Screenwriter Victor Miller has long admitted that his screenplay for 1980’s Friday the 13th is basically a knockoff of 1978’s Halloween, simply transposing the slasher scares from suburbia to summer camp. With Fear Street Part 2: 1978, co-writer / director Leigh Janiak makes a meta move within her own trilogy, mirroring Miller by taking viewers from the blood-stained streets of Shadyside to the haunted woods of Camp Nightwing.

Fortunately, the film isn’t just a Jason Voorhees-esque slasher-fest. It captures the pros and cons of a camp run by kids as well as the adolescent fears and desires burning in the summer heat. Like the first part of Netflix’s Fear Street trilogy, it understands that the best teen horror films are ultimately about vulnerability. Unlike Fear Street Part 1: 1994, however, it doesn’t explore any underrepresented people or stories from its era. But it always places more importance on characters rather than scares.

This chapter follows the Berman sisters, Cindy (Emily Rudd) and Ziggy (Sadie Sink). At Camp Nightwing, Cindy is a conscientious counselor while Ziggy is a cantankerous camper. Fellow campers call Ziggy a witch and a monster for her brash behavior. We soon learn that it stems from anger over her father’s abandonment and her mother’s descent into drinking. Although Cindy seems estranged from Ziggy, we can see she acts like a goody-two-shoes partly to serve as a stable role model for her sister.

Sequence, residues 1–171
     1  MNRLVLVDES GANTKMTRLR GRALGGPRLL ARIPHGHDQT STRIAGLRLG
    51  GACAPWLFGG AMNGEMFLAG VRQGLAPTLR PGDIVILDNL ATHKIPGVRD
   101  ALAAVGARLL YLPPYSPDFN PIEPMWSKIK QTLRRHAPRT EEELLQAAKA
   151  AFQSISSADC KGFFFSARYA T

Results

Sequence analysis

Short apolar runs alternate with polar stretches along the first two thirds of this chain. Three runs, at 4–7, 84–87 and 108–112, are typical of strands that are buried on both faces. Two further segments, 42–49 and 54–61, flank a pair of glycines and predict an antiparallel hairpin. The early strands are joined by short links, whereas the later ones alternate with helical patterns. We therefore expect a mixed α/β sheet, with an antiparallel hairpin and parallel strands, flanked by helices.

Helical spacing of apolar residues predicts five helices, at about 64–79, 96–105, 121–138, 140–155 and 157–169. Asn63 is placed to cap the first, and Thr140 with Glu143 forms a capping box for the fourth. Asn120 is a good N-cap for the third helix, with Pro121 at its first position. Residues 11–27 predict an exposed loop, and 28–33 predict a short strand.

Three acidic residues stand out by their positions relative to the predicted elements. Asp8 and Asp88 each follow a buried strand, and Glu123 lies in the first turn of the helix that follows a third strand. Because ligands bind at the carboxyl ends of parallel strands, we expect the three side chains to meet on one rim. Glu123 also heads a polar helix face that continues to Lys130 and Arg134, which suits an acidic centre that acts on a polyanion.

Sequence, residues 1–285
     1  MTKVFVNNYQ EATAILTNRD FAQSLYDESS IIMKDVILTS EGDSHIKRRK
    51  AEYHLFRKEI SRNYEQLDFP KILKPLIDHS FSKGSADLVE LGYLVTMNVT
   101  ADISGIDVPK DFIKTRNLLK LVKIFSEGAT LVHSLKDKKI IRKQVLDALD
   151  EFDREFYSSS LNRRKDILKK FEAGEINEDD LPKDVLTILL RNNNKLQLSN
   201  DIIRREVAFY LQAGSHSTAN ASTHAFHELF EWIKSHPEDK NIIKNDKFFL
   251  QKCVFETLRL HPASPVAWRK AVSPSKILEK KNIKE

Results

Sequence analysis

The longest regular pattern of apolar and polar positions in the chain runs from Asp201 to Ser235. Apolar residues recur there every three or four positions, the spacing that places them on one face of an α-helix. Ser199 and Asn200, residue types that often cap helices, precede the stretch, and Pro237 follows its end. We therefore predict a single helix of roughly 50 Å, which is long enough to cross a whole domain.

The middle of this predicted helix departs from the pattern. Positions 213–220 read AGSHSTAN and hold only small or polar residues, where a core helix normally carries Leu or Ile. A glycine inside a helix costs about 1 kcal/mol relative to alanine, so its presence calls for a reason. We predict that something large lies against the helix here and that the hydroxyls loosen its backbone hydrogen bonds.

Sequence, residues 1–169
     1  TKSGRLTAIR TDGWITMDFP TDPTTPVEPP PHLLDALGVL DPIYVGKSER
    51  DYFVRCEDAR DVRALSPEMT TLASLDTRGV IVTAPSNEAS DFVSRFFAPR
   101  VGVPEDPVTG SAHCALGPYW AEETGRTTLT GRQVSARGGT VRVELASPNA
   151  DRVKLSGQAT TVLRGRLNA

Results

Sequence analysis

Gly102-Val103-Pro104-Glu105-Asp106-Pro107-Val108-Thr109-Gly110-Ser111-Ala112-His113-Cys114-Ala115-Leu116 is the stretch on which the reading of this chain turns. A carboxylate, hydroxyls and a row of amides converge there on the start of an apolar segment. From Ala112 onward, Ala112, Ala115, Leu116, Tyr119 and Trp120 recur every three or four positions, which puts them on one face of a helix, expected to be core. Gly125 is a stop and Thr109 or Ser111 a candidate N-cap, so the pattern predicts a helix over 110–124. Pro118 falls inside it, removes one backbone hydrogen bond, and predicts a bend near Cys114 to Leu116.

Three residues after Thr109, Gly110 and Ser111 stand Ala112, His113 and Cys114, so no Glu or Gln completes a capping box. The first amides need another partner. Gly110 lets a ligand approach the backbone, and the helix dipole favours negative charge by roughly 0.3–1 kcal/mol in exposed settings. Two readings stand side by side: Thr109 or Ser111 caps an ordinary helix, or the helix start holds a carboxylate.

Rudd and Sink evoke palpable tension, making you feel their characters’ longing to reconnect beneath their resentment toward each other. They criticize each other harshly about the kind of young women they’ve become and how their relationship keeps growing more distant. Because of this, the film passes the Bechdel test by featuring two female characters engaging in a conflict unrelated to a man. But, of course, it’s not long before an axe-wielding madman starts terrorizing the campgrounds.

The kills are glorious. Blood splatters, heads pop off, bodies hit the floor. Unlike its predecessors in this genre, 1978 steps back and calls attention to the absurdity of what’s happening. “That psycho split my boyfriend’s head in half,” a character reminds her friend, resensitizing us in turn.

By commenting on the shocking bleakness of the proceedings, the film does a slightly better job than 1994 in terms of balancing tender coming-of-age drama with hardcore horror. However, 1978 ultimately feels like a step back from the inclusive efforts of the first chapter. Props to it focusing largely on female characters, but the campgrounds here are quite white and straight. It would’ve been nice to see some characters and stories that weren’t represented among those in Friday the 13th and countless other summer camp slasher flicks.

The film’s biggest strength lies in how it paints Camp Nightwing as a place for teens to experience catharsis, not just through sex and drugs but through honest interactions free of hindrance from adults. 1978 takes quite a few breaks from its bogeyman’s evil deeds to allow for even more brutal conversations between its characters. This trilogy is admirable for taking teens seriously and giving them a voice. Let’s just hope the third part, 1666, pushes progressive themes forward even as it travels back in time.